This will depend on the details of the situation. If the book is a programming text, or something of the sort, which explains how to write particular kinds of code, and you wish to implement its examples, there will be several considerations.
First of all, facts cannot be copyrighted, it is a fact that a particular code construct works in a particular way. (Say a for/next loop, or a call to a method of an object). Publishing code that displays such a fact is not an infringement of copyright.
However, if the specific examples in the book are developed in enough detail to be original, and are not simply an obvious way that any skilled programmer would be likely to use to perform the process being described, or to exercise a language feature, then the detailed sequence of operations is protected by copyright, and translating it from pseudo-code into actual program code would be creating a derivative work. That generally requires permission from the copyright holder (often the author, but not always).
There can be an exception to copyright for "fair use" (under US law) or "fair dealing" (under the laws of some but not all other countries). If this is for educational purposes, that tends to favor a decision that it is fair use. But if an extensive amount of code is involved, and it is a significant part of the content of the book, that would probably not be fair use.
Next, the title of the book might be a trademark. If it is, labeling your code with that title might be trademark infringement, or the trademark owner might claim that it is. If you are not charging for access to your code, nor using it to advertise some mother product or service, and if you make it very clear that your work is not sponsored, endorsed, or authorized by the authors or publisher of the book, there is probably not a problem with trademark infringement.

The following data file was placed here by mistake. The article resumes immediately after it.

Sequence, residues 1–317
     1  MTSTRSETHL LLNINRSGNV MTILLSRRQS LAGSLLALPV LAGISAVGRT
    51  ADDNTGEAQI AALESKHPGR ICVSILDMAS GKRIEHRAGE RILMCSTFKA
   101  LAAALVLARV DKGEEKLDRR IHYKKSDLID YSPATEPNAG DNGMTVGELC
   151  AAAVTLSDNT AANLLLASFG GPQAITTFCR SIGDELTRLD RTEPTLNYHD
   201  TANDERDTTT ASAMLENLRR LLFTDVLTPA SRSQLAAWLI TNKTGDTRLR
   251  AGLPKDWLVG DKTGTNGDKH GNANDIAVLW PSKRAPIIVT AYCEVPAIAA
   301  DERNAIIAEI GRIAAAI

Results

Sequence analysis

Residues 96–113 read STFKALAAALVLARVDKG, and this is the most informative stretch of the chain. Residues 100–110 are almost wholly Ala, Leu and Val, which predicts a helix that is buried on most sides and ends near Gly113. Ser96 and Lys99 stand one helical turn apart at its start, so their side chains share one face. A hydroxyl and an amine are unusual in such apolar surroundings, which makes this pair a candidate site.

Finally, none of these issues would be a problem if you obtained permission. The original author, or whoever the author might have sold or given the copyright to, could grant permission. But the copyright holder might refuse, or want to charge a fee, or want to right to review and approve your code first. The copyright holder can set whatever terms s/he pleases, and you can accept or not. If you do not accept, you do not have permission. If you ask and get no answer, you do not have permission. The same applies to asking for permission to use a trademark. The holder can grant it or not.
If you want to release the code you write under a free license, or open source license, you may do so, if it does not infringe on the rights of the copyright holders of the book. You may choose whatever license you wish, to serve your purposes. If the book was released under some license, and you are relying on rights granted by that license, you must comply with its terms. This may require that you use the same or a compatible license, but that depends on what license, if any, the book was released under. The default is "no license" when none is stated, or call it "all rights reserved".